On Being Overwhelmed – and Finding Perspective

For the past couple of weeks I’ve been doing my typical headless chicken act, heaping unnecessary pressure onto myself with an extra -large spoon and wondering why I’ve been feeling totally overwhelmed and unable to write a damn thing in what little free time I’ve managed to carve out for myself. The culmination of this stress was evident when I got around to submitting the one piece of recent writing I was really proud of to a competition on Monday – only to realise that the deadline was midnight the night before. Fortunately my super-pragmatic boyfriend was on hand to prevent me falling too far into a slough of despond over the incident, but nevertheless it made a further dent in my already damaged armour.

The truth is, whilst I established long ago I want to be ‘a writer,’ I grapple every day with what sort of writer I want to be. One day I’ll write a magazine feature pitch, the next I’ll plan a novel or start editing a previous story. Then I’ll turn my attention to short story competitions and try to churn something out for them.  On top of that I’ve recently completed an eight week sitcom writing course at the City Academy, and have this week embarked on a seven week crime writing course at the City Lit and signed up for a conference next weekend on how to get published – all this as well as holding down a job four days a week. Oh, and did I mention I’m also working on a screenplay idea with my writing mentor?

Just reading that last paragraph back makes me feel anxious, it’s no wonder I’ve been feeling overwhelmed. But what I’ve realised today, after having given myself a couple of days’ downtime (by which I mean no pressure to write anything, having impromptu catch ups with friends, sitting in the sun at lunch time instead of being hunched over my computer fretting about what to write and yet still not writing), is that when it starts to feel too much that’s generally because it is too much. It won’t help to try and force yourself to do more, the only thing that will work is to allow yourself to do less. Only then can you regain perspective and control over your situation. And, in my case, only then can I remove the creative block that undue amounts of pressure create. This realisation has made me feel instantly calmer, and you know what? I can feel the ideas start trickling back into my brain just like a tap that was turned off has been turned on again. Perspective isn’t always easy to find when you’re mired in the mud, but when you do find it again it’s both a joy and a relief. Phew.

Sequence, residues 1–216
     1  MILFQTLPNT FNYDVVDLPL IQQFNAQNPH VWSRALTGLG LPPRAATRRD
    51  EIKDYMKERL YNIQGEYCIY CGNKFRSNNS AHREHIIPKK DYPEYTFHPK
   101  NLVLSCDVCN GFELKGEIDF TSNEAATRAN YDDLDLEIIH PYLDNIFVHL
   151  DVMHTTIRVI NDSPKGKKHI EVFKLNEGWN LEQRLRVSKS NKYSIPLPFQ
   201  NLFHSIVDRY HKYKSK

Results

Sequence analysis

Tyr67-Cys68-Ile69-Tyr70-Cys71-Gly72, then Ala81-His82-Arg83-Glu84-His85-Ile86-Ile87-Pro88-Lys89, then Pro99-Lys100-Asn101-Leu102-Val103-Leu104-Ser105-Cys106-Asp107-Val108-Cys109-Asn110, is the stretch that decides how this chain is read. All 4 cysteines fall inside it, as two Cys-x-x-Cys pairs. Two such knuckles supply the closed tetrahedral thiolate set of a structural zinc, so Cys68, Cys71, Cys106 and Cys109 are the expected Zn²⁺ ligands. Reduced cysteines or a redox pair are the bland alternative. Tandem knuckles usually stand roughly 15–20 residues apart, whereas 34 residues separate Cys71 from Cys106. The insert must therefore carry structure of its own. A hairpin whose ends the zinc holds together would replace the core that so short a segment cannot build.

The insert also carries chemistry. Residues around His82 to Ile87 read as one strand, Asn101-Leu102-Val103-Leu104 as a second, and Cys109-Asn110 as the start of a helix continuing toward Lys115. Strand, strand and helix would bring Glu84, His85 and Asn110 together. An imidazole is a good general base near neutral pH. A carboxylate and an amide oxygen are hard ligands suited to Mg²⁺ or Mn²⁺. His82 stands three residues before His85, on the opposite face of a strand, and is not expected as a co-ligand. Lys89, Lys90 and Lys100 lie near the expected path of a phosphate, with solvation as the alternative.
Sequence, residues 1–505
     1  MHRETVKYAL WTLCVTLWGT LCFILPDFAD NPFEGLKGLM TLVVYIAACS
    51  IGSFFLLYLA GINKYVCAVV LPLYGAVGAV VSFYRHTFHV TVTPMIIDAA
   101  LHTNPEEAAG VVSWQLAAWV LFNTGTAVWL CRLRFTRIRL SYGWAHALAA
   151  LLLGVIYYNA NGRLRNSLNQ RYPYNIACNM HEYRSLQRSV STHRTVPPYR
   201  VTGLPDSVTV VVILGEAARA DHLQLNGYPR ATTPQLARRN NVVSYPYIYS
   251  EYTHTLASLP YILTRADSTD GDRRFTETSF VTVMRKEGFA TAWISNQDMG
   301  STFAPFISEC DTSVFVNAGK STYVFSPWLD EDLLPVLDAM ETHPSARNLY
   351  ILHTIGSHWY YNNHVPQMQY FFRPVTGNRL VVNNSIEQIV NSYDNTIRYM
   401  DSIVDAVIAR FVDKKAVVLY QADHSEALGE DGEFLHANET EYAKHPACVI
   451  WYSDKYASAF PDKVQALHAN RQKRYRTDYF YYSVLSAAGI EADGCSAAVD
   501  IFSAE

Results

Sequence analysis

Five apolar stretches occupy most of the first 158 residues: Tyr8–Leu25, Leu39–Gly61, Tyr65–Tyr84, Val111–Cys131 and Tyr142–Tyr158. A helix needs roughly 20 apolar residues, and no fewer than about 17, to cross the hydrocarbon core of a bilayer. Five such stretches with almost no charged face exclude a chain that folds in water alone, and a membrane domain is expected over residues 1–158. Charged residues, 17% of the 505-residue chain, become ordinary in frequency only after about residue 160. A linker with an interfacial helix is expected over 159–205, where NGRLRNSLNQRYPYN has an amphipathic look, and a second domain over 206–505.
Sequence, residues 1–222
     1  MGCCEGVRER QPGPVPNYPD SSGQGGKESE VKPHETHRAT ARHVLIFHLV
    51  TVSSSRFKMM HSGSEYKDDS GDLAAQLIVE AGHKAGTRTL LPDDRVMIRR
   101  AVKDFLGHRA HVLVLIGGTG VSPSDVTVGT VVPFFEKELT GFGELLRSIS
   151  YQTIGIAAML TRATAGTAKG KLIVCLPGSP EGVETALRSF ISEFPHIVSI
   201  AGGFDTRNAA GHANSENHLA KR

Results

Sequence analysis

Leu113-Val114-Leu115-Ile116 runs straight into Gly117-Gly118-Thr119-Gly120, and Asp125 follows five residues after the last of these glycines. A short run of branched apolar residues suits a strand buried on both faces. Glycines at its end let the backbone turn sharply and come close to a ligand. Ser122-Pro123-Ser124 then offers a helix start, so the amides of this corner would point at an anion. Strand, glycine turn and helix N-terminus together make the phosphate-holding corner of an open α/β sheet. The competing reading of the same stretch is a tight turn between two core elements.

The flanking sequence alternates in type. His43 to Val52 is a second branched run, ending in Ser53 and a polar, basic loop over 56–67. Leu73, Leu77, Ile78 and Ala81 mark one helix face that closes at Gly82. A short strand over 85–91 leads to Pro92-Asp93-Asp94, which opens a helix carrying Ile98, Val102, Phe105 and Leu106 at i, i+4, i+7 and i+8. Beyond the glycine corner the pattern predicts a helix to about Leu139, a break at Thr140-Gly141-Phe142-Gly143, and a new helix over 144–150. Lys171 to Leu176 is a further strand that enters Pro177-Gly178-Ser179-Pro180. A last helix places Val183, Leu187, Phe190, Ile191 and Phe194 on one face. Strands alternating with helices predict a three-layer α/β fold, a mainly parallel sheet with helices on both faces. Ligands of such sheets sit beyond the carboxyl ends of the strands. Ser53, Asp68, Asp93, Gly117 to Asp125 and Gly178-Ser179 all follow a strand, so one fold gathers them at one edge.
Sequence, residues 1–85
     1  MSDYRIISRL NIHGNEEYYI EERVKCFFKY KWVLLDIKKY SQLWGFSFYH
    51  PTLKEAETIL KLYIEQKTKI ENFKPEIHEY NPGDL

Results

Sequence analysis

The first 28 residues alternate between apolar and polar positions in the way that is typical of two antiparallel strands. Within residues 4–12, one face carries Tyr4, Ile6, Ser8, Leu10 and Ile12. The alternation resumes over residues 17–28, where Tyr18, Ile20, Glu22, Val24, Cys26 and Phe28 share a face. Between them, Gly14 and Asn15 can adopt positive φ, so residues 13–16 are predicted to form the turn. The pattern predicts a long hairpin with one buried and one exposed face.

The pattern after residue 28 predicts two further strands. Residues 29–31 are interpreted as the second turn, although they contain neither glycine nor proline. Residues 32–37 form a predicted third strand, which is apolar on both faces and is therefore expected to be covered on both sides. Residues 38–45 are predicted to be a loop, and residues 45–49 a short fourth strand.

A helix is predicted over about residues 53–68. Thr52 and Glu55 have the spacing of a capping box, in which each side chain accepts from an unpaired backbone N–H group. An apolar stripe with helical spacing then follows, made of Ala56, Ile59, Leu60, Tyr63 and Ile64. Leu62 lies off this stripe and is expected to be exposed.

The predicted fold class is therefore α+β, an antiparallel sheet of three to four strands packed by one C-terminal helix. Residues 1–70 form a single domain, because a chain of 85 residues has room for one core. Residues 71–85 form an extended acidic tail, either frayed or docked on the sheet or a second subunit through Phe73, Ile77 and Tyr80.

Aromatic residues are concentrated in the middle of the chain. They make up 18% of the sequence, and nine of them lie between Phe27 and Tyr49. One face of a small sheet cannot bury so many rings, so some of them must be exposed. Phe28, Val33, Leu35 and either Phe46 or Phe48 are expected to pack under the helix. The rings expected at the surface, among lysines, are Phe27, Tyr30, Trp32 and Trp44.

Advertisements

The Wonder Years (or why ageing maybe isn’t so terrible after all-maybe)

Today I was listening to Radio 1 Xtra (I know what you’re thinking – isn’t she a bit old to be listening to that?) when the dj, an enthusiastic chap with a penchant for substituting every other word with “cuz” (yup, definitely too old) began bemoaning the speeding up of time as people get older. “I mean cuz,” he said, “I’m only twenty six and already it feels like a week goes by in a day. Imagine being, like, fifty! How bad would it be then?” How bad indeed.

When it comes to whining about ageing I’m hardly one to talk. Until I reached my current age of *coughs* thirty two I’d always enjoyed lavish birthday celebrations, but as my thirty third hurtles towards me at alarming speed (that dj was right, dagnamit) I must confess I’m feeling hugely (and that’s an understatement) underwhelmed (I am also aware, at this point in proceedings, that older readers may well be gnashing their teeth and branding metaphorical claw hammers positioned directly above my skull). The logical part of my brain is constantly telling me that there’s nothing I can do to stop the process so I may as well accept it, yet I can’t stop fixating on my frown lines long enough to listen to it.

If it’s true that you’re only as old as the man you feel then I’m twenty seven all over again. Though, in all seriousness and as great as it is, being a woman who is five years older than her partner is not without its challenges. Fortunately I’ve always been young for my years in both spirit and looks (an old soul I most certainly am not) and so, for the time being at least, it suits me to be living a youthful and relatively unencumbered lifestyle. But that’s not to say I don’t continually worry whether what I do is age appropriate, or draw constant comparisons with my peer group, many of whom are now playing out the traditional marriage and 2.4 children scenario with aplomb. Don’t get me wrong, I want that myself desperately, and not in the TOO distant future either (cover your ears darling), but right now the thought of sleepless nights, snotty noses and nappies is enough to bring me out in a cold sweat. I want to go on more adventures before I settle down, to live a bit more and eke out just a bit more time for being selfish. But what about convention and my biological clock? Wahhhh!